Mortgage approvals in the UK reached their highest level in 13 years during August, according to new data from the Bank of England.
In its Money and Credit statistical release on Tuesday, the BoE said that the number of mortgage approvals “increased sharply to 84,700” during August, the highest monthly figure seen since October 2007, on the verge of the financial crisis.
The figure far exceeded analysts’ forecasts. A panel of City of London economists had expected to see only 71,000 approvals in the release.
However, other figures showed that consumer borrowing – an important driver of economic growth – increased by only £300 million between July and August, far below analysts’ median forecast of a £1.45 billion increase.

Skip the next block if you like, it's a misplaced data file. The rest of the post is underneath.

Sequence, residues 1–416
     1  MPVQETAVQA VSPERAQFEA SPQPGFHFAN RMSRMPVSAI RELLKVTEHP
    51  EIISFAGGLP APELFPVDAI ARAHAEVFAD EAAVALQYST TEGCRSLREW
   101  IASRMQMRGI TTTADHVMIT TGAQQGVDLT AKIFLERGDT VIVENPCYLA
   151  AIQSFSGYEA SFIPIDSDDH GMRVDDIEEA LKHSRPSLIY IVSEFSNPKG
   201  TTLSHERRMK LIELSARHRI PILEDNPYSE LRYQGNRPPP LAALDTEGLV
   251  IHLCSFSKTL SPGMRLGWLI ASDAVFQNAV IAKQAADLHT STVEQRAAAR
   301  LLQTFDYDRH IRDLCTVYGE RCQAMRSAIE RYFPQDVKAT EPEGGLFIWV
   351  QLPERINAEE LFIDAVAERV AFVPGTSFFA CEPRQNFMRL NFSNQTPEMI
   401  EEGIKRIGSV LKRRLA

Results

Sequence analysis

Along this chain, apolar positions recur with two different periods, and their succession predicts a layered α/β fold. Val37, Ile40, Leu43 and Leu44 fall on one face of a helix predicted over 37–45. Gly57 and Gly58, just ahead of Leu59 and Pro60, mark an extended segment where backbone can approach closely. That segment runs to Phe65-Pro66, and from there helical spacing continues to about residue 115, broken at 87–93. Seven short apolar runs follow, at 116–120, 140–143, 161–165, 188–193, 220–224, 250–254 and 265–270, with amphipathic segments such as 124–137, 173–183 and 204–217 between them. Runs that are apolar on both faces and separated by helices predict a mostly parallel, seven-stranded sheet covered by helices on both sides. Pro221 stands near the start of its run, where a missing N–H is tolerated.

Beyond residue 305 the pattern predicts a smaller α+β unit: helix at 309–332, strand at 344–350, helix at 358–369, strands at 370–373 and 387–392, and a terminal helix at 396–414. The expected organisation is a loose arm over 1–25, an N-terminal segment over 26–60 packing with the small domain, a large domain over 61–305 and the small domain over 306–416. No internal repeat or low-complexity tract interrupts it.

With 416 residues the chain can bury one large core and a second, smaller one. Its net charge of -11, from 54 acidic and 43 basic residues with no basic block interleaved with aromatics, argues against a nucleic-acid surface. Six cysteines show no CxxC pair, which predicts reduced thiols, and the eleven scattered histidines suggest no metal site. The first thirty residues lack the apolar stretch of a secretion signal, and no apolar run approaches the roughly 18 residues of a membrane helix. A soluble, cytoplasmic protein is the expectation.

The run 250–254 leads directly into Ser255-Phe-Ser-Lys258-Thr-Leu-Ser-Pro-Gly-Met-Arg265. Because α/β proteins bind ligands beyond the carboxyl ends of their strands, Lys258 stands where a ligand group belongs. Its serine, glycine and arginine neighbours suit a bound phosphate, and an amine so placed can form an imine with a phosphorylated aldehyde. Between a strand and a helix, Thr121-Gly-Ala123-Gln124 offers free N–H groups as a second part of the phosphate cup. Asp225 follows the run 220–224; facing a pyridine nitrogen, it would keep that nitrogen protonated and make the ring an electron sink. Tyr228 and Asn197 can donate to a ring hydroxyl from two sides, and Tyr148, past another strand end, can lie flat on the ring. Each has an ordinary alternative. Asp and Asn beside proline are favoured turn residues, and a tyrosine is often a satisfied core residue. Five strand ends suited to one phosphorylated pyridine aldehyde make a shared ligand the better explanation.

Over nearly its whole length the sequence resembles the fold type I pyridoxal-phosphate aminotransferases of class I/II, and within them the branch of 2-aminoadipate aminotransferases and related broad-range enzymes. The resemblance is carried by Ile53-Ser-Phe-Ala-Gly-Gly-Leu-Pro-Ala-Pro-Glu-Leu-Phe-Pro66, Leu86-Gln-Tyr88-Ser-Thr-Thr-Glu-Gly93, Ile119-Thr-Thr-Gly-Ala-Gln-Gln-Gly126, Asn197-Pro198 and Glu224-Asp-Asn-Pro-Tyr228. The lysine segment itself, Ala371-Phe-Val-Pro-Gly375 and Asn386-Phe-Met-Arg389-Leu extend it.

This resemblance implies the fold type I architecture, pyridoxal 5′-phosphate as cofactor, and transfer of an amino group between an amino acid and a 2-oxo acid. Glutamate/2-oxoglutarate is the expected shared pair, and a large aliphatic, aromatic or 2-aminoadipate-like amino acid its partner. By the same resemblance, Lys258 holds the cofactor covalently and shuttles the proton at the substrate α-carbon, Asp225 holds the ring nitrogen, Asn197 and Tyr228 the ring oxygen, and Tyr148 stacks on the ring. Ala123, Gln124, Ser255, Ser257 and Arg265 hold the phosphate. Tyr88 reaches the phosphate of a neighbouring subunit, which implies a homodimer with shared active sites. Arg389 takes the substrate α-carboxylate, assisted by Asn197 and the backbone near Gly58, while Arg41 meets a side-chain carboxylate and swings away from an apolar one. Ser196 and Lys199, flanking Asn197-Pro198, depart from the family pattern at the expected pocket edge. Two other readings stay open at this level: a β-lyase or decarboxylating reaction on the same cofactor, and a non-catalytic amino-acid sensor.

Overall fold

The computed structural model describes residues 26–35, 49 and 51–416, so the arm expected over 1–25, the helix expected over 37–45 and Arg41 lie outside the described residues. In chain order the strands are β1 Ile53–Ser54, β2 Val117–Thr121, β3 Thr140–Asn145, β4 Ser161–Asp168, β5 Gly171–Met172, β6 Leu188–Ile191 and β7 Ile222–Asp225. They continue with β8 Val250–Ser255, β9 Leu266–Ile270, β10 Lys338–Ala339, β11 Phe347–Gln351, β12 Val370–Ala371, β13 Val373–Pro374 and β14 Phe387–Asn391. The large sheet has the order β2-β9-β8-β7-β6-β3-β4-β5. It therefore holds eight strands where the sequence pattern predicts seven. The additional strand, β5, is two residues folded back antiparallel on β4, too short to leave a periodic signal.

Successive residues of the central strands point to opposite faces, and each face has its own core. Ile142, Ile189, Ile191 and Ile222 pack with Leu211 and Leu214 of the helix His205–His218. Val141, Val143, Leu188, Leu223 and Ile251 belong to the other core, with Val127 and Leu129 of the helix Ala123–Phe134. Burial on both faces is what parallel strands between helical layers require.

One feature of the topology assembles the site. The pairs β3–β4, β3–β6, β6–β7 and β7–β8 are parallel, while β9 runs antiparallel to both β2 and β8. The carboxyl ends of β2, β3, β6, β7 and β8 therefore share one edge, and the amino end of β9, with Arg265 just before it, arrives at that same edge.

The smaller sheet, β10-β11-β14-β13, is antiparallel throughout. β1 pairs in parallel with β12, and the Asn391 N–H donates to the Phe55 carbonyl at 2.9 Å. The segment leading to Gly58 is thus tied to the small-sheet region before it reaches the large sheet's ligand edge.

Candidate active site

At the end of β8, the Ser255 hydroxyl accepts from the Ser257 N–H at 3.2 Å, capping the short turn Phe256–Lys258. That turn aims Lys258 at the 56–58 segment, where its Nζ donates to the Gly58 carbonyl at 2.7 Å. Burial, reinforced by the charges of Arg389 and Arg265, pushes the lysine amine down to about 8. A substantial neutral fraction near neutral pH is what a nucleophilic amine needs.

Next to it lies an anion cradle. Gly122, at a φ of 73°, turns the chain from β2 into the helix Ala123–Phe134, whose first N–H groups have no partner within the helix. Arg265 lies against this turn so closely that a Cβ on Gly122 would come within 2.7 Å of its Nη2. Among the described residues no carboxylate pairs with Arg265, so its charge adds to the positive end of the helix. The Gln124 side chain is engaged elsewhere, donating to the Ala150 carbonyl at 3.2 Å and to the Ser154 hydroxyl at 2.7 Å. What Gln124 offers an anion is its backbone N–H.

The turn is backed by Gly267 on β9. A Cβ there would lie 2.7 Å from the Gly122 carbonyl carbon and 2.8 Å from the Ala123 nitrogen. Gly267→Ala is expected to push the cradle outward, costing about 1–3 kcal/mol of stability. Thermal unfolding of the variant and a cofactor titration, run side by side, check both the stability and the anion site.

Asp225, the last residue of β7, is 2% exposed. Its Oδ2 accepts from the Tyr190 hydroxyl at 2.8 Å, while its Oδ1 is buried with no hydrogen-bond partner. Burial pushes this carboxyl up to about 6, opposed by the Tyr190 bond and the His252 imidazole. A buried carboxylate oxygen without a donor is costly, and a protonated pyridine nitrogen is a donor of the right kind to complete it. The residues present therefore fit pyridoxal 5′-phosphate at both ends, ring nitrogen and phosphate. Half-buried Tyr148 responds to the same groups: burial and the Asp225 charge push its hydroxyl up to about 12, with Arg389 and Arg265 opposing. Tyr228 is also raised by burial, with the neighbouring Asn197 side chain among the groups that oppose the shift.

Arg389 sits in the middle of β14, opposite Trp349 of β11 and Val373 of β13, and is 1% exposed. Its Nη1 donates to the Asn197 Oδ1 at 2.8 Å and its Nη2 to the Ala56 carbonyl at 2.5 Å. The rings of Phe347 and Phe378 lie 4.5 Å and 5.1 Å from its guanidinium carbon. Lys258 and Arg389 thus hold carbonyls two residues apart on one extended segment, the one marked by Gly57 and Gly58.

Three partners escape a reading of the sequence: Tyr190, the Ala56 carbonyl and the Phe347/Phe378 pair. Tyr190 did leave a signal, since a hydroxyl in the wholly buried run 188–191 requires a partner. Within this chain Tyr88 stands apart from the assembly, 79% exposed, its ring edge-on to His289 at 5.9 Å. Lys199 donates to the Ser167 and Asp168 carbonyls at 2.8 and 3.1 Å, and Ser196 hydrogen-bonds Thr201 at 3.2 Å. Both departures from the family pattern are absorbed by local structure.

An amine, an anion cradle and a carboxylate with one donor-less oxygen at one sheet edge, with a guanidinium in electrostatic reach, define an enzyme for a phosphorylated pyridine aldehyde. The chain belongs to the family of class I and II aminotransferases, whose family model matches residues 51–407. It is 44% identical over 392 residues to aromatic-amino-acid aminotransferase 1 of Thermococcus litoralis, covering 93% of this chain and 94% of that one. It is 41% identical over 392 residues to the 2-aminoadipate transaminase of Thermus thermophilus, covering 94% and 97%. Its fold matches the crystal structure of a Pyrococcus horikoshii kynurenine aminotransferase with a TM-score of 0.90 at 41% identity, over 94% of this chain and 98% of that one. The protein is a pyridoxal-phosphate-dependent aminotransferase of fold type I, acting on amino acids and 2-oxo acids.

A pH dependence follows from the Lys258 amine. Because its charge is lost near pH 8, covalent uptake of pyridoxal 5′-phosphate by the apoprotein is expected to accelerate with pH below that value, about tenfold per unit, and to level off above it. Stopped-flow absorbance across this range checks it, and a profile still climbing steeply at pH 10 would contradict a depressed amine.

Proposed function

Pantheon Macroeconomics’ chief UK economist, Samuel Tombs, attributed the spike in mortgage approvals to “the release of pent-up demand following the shutdown of the housing market in Q2 and the impetus to complete purchases while the threshold for stamp duty has been raised temporarily to £500,000, from £125,000.”
The UK government’s stamp duty discount, instated in July, will run until March 2021, and record low interest rates (which could even turn negative in the near future) have helped to make borrowing cheaper.
HM Treasury also noted last week that house sales spiked by over 15% during August following changes in the UK mortgage market.